In SECI and NTPC PPAs, discom profile is integral for counterparty analysis: Ind-Ra

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The profile analysis of distribution companies (discoms) as counterparties has gained prominence in revenue risk analysis, according to Fitch Group company India Ratings and Research (Ind-Ra).

The latest power purchase agreements (PPAs) of Solar Energy Corporation of India (SECI) and NTPC Limited articulate that tariff payment obligations (on monthly bills and supplementary bills which include change in law amounts) are a direct obligation on the intermediaries. Hence, SECI and NTPC PPAs fare better on tariff payment obligations than directly selling to discoms.

However, every obligation, other than tariff payment obligation, needs to be met by SECI and NTPC only to the extent the same obligations are met on a back-to-back basis by discoms.

SECI has the highest tender pipeline (19 GW) and the financing of future projects depends on the features of SECI PPA. While signing PPAs with SECI and NTPC is perceived to be better than having PPAs with discoms directly, the intricacies of obligations under SECI and NTPC PPAs indicate significant dependence on back-to-back performance by buying discoms.

Also, the latest NTPC PPA has tariff adoption by the relevant State Electricity Regulatory Commission for the discom that has signed back-to-back power sale agreement as condition precedent. In earlier PPAs, such a clause was absent. In case tariff adoption is not completed within two months of signing PPA, the PPA will stand cancelled, unless the timeline for adoption is mutually extended.

Obligations such as creating payment security mechanism and paying compensation for grid issues are to be complied on a back-to-back basis if discoms meet those obligations.

Default risk

Ind-Ra analysts, however, believe the proposed payment security mechanism for power projects, notified on June 28, 2019, is fraught with implementation challenges and the benefits of payment security mechanism are unlikely to accrue to the project companies as already evident in the lax conformance to the creation of letter of credit under SECI PPAs. None of the Ind-Ra-rated project companies selling power under SECI PPA has received letters of credit for one month’s billing.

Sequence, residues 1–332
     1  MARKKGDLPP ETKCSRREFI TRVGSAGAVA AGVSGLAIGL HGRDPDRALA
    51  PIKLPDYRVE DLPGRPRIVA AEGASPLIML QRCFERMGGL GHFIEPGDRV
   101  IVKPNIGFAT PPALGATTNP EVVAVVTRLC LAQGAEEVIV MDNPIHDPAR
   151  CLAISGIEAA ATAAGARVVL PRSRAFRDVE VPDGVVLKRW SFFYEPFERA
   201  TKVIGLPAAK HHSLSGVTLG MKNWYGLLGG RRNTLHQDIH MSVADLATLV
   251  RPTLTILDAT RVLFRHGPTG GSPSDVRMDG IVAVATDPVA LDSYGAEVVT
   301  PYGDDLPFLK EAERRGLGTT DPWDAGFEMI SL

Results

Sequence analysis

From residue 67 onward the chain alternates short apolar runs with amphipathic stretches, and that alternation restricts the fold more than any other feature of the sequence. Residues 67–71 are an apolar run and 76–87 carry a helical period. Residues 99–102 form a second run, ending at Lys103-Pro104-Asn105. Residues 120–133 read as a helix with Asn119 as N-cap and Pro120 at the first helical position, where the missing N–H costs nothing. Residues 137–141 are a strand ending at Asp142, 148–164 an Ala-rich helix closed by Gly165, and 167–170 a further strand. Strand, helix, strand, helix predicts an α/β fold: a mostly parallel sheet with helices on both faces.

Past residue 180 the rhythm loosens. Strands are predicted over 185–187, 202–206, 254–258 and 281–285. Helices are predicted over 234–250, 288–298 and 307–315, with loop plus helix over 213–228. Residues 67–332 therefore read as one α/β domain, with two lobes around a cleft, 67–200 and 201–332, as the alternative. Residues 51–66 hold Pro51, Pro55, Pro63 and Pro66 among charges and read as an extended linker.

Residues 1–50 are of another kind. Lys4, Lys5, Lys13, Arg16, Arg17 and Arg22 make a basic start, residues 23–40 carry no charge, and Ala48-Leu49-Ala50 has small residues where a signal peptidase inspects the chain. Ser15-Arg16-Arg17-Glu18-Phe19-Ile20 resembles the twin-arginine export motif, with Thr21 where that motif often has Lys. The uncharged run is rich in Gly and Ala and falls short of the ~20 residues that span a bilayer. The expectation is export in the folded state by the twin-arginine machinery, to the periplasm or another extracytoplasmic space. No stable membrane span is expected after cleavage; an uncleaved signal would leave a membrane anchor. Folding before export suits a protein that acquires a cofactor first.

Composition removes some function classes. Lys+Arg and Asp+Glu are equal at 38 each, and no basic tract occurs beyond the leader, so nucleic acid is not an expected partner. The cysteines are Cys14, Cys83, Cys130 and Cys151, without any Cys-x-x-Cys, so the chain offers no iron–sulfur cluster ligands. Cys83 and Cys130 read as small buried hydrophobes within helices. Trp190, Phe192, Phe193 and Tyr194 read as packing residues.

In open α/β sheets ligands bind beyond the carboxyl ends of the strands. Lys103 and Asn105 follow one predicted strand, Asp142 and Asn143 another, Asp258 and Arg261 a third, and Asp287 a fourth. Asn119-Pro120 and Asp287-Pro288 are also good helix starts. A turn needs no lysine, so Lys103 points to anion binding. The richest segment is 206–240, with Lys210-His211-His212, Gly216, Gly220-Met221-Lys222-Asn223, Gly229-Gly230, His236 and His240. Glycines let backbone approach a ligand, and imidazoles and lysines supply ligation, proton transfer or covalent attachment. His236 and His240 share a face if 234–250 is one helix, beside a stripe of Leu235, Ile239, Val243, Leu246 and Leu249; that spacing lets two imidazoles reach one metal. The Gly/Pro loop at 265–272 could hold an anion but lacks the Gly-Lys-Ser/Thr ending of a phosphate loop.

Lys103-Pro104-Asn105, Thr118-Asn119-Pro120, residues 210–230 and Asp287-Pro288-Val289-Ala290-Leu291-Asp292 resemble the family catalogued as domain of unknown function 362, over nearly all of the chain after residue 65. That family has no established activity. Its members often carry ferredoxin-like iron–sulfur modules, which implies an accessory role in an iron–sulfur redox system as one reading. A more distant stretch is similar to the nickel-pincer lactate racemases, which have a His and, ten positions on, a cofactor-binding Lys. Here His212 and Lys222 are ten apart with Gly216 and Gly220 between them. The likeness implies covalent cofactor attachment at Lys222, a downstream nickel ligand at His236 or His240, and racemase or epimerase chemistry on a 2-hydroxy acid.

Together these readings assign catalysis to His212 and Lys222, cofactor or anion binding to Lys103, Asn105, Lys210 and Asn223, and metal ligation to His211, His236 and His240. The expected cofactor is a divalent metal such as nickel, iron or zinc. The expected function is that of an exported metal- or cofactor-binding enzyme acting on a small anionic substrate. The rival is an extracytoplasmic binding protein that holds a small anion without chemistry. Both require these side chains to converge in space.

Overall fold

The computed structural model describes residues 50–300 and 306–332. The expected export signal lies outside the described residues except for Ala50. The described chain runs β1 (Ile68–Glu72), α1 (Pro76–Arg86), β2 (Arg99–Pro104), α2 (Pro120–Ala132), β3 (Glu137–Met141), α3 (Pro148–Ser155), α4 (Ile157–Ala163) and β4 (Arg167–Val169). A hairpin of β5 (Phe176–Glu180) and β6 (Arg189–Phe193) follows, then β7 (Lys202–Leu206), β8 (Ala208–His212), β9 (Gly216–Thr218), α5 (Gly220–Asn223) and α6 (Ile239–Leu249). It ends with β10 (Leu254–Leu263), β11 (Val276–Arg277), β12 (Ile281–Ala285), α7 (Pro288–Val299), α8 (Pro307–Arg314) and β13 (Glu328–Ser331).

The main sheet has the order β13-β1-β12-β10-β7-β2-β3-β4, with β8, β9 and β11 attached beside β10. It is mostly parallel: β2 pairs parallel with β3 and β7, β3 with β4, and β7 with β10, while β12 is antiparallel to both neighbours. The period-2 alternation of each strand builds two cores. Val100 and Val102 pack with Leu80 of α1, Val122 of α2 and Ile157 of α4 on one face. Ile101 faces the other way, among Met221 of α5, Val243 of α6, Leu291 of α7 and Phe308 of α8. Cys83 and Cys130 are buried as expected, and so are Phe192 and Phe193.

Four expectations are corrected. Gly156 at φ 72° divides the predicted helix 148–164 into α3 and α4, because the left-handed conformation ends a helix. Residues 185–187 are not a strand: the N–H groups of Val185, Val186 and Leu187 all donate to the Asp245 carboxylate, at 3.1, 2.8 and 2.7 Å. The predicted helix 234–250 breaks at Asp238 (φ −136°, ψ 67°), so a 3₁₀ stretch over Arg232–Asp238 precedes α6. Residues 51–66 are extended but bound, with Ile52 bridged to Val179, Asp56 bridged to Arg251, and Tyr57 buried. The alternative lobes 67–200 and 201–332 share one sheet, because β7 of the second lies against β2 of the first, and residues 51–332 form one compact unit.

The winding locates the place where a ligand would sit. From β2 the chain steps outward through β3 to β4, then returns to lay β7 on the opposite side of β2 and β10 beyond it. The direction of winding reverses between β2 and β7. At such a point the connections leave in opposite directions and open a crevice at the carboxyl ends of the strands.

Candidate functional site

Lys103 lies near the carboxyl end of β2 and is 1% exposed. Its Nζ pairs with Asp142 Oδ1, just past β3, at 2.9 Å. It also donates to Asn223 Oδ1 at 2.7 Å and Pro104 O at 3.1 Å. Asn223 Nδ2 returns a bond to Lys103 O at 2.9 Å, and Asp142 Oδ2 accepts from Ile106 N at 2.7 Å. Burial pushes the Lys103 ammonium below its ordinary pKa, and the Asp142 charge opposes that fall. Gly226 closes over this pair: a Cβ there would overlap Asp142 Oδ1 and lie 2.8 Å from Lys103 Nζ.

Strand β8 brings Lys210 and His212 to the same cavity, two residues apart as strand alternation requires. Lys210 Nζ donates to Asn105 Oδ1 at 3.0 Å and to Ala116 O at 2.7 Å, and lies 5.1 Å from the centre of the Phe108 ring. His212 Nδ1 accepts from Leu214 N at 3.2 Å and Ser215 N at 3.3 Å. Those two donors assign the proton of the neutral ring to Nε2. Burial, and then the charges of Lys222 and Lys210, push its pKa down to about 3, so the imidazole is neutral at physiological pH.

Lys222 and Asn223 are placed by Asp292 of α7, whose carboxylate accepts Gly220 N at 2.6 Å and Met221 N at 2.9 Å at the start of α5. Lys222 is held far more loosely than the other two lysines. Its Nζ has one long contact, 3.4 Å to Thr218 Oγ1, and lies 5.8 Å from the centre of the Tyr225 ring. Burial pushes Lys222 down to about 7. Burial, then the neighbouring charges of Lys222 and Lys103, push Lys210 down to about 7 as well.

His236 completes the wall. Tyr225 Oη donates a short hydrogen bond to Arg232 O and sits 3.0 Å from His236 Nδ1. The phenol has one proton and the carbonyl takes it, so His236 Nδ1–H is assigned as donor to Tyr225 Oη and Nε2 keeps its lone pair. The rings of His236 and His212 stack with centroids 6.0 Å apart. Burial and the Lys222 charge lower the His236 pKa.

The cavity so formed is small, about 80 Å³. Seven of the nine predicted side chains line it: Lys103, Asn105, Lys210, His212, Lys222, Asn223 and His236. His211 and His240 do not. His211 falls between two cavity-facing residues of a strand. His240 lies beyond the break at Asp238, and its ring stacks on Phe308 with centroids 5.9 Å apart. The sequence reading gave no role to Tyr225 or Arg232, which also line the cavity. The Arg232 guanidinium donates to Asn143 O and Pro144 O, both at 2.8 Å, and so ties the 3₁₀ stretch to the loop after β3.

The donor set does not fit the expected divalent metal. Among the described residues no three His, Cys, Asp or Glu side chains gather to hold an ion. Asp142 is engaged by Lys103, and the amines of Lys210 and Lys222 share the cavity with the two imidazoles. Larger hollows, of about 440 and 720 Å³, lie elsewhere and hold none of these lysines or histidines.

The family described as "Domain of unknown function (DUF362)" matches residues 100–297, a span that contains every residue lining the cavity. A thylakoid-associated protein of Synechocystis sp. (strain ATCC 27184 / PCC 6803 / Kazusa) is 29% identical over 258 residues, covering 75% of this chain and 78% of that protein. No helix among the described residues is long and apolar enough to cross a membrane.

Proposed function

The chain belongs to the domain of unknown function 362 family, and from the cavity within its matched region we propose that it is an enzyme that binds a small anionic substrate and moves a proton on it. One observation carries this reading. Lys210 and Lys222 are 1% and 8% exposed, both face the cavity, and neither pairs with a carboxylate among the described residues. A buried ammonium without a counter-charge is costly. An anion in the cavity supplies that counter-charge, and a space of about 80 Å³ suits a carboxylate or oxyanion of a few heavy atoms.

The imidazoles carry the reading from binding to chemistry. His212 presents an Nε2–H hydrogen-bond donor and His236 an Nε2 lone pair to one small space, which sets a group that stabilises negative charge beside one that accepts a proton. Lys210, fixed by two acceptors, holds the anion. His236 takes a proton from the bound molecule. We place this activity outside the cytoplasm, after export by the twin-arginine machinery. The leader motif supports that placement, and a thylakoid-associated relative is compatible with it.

Delayed payments under power sale agreements with discoms and repudiation of PPA by discoms could trigger an event of default in the PPA signed by the project company with SECI or NTPC. While SECI and NTPC could make efforts to find an alternate buyer, the provision for termination based on repudiation by discoms indicate the risk exposure to discoms.

Ind-Ra believes that the risk of the event of default triggering because of discoms repudiating PPAs is low to medium in the long term as SECI and NTPC are central government entities. This might continue to support renewable energy development through the backing of government policies, which are supportive of renewable capacity addition.

The benefit of clarity

The back-to-back discom counterparty is referred to explicitly (unlike in the earlier version) in the latest PPA signed between NTPC and project company. This leaves no doubt about which discom the ultimate counterparty is and avoids the interpretation that there is pooling of counterparties with respect to each PPA signed by NTPC.